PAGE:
This chilling statement should remind us of another chilling statement.  This one was made by Jesus. Return to Matthew 23 and read verses 29-36.  The blood of all the prophets killed by the Israelites would be put on that generation. They went on to reject and kill the last prophet, Jesus the Messiah. God destroyed the city and the Temple and the hands of the Romans in 70 A.D. They should have made the connection and repented.


There are two great apostasies mentioned in this passage. First, verse 30 tells us the Israelites had defiled the Temple by putting their idols in there.  Second, verse 31 says they engaged in human sacrifice, burning their own children.

Then, this passage described the great slaughter that would come when the Babylonians came and defeated Jerusalem.  Since the Valley of Hinnon had become a place of idol worship, including child sacrifice forbidden by the law of the covenant, the valley would be stacked with the dead bodies of Israelites.  Verse 33 said the birds and beasts would eat the bodies, a great desecration.  This is the same language used at the final battle where Christ defeats his enemies in Revelation 19:17-18.

The theme of desolation occurs again in verse 34 where God says he will bring silence to the land and it will be a waste (desolate in the NIV).

Bodies would be removed from tombs and spread on the ground.  Again this would be considered a desecration of the bodies.  In fact, they would be desecrated right before the idols they worship, the sun and the moon and the host of heaven, the stars and planets. 

8:3 tells that any who survived the attack and defeat would be taken into exile and would wish they had died.

The outpouring of God’s wrath is a terrible thing.  The Old Testament gives us these horror stories so that we will understand how severe God’s wrath is toward those who reject him and his words.  Jesus’ parables demonstrating the terrors of hell also serve that purpose.  The prophecies of the end, when God punishes all sin, also serve this purpose.  Romans 1:18 says “For the wrath of God is revealed from heaven against all ungodliness and unrighteousness of men, who by their unrighteousness suppress the truth.”  The truth is God’s law.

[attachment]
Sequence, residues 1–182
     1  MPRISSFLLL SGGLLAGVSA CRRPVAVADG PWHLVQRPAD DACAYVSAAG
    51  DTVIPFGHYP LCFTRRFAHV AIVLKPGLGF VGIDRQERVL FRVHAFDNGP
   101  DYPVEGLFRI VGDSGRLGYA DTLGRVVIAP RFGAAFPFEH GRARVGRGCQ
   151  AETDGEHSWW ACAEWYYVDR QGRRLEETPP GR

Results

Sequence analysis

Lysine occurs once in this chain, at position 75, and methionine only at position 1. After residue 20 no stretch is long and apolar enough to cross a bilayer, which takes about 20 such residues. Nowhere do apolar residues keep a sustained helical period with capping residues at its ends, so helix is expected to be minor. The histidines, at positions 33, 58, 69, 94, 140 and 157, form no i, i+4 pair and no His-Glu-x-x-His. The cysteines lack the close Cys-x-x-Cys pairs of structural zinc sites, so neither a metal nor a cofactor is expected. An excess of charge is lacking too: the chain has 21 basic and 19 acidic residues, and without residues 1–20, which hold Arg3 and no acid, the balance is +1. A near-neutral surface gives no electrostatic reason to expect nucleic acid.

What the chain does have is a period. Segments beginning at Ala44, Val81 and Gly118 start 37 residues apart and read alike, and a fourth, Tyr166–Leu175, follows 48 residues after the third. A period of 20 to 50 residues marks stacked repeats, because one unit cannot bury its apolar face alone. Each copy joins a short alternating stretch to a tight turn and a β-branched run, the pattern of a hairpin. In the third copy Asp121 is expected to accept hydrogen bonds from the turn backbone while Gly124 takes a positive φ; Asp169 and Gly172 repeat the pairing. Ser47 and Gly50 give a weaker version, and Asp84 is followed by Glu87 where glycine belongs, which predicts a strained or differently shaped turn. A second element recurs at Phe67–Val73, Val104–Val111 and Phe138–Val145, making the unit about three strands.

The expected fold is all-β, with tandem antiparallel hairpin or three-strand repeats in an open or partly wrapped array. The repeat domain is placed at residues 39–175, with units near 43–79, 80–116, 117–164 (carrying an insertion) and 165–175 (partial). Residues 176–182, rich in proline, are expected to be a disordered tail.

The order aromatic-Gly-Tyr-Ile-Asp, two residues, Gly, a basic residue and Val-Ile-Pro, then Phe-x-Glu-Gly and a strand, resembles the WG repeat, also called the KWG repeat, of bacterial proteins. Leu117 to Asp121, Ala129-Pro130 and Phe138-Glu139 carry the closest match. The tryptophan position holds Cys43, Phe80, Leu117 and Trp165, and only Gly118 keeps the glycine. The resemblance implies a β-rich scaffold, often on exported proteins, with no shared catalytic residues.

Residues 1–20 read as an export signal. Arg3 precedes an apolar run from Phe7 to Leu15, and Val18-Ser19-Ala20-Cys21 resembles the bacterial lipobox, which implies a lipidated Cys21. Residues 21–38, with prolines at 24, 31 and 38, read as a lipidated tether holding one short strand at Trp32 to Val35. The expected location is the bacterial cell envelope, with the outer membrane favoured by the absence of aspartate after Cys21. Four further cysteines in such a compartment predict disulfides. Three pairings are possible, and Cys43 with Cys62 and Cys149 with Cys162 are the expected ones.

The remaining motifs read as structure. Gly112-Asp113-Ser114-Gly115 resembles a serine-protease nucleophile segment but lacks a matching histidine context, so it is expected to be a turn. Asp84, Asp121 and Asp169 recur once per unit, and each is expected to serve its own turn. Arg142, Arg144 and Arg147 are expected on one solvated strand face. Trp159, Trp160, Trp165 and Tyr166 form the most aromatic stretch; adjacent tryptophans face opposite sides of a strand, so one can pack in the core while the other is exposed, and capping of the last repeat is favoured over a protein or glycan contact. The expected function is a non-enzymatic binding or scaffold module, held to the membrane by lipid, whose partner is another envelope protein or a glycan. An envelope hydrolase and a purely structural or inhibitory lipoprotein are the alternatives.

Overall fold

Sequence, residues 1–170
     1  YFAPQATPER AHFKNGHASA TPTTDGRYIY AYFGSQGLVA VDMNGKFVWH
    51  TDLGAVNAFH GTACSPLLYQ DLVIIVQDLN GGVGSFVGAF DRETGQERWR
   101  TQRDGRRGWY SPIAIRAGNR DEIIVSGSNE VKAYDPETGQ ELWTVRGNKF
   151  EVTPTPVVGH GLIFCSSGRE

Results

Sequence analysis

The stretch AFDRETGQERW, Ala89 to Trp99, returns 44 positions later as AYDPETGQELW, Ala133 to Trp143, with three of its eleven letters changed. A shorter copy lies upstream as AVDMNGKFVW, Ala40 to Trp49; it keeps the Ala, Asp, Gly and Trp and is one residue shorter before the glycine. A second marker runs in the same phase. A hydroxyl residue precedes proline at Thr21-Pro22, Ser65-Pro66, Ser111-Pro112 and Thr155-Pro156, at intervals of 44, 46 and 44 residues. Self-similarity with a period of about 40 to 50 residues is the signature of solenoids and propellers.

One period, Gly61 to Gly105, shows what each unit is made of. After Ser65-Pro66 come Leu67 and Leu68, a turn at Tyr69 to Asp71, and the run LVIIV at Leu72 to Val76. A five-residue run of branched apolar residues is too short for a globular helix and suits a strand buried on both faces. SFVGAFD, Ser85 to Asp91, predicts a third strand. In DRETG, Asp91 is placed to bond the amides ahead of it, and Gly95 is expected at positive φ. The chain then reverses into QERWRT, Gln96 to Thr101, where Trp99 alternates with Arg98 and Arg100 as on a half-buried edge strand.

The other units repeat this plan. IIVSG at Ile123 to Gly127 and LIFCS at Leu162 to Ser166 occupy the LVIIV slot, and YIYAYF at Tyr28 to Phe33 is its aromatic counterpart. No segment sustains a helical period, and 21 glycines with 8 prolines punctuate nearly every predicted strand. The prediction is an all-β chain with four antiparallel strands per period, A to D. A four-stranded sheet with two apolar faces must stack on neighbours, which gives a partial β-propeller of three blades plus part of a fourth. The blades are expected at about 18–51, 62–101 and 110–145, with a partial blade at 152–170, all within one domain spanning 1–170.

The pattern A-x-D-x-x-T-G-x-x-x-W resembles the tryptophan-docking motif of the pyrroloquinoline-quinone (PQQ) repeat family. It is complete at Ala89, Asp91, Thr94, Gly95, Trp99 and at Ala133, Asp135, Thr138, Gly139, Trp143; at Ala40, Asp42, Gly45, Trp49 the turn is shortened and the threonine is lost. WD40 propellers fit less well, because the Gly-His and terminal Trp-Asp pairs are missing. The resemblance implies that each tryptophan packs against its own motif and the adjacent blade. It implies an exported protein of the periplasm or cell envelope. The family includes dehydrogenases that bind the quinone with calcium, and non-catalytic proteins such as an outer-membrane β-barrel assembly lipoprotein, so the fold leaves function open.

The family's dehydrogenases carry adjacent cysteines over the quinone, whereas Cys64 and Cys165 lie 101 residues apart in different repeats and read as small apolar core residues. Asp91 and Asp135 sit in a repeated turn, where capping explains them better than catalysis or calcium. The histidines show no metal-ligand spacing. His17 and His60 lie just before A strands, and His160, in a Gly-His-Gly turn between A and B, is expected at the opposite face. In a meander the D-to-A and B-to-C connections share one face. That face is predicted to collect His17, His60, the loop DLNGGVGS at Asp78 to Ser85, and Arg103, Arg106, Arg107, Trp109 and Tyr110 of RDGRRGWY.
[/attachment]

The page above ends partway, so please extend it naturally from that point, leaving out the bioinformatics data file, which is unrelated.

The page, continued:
Man’s sin brings God’s wrath.  Colossians 3:5-6 says  “Put to death, therefore, what is earthly in you: sexual immorality, impurity, passion, evil desire, and covetousness, which is idolatry.  On account of these the wrath of God is coming.” 

When will the wrath of God come?  It will come when Christ returns to judge the living and the dead. The Apostles’ Creed says: “He ascended into heaven and is seated at the right hand of the Father. He will come again to judge the living and the dead.” Revelation 14:19 pictures those who are not Christ’s as grapes thrown into the winepress of the wrath of God where they are trampled. 

We were all children of wrath at one time according to Ephesians 2:1-3.  I do not want to be a child of wrath.  I do not want to experience God’s wrath on my sin.  What can I do to escape it?

I can repent of my sin and believe in Jesus Christ. By faith I may access the grace of God for salvation.  Ephesians 2:4-9. 

Those who believe in Christ will not receive wrath, but salvation when he returns.  1 Thessalonians 5:9; Romans 5:9

This is the meaning of the theological term “propitiation”.  It means to appease the wrath of God through the sacrifice of Christ.  He was the “wrath bearer” so his followers would not bear God’s wrath. 

The Old Covenant showed us this in the construction of the Ark of the Covenant.  The Ark was a wooden box that contained the stones of the commandments.  It held the law that no man or woman was able to keep.  Over that box was a cover of solid gold.  It was called the Mercy Seat (in Hebrews 9:5) or Atonement Cover.  The gold cover represented symbolically how God would cover our guilt through the promised redeemer.

The Latin word for this covering of the ark is “propitiatorium” the root of our word “propitiation.” The Latin verb “propitio” means “to appease.”

The Old Testament priests sprinkled blood on the cover to symbolize the sacrifice. Christ was and is our sacrifice. He bore God’s wrath that should have fallen on him.  Isaiah 53:6 says the Lord has laid on him the iniquity of us all. 

You can be the object of God’s wrath.  If so, you will experience all the horrors described.  Or, you can receive Jesus Christ as God’s son who bore your sins and died for your salvation.  If you do, God’s wrath is turned away from you and you may live in his favor for ever.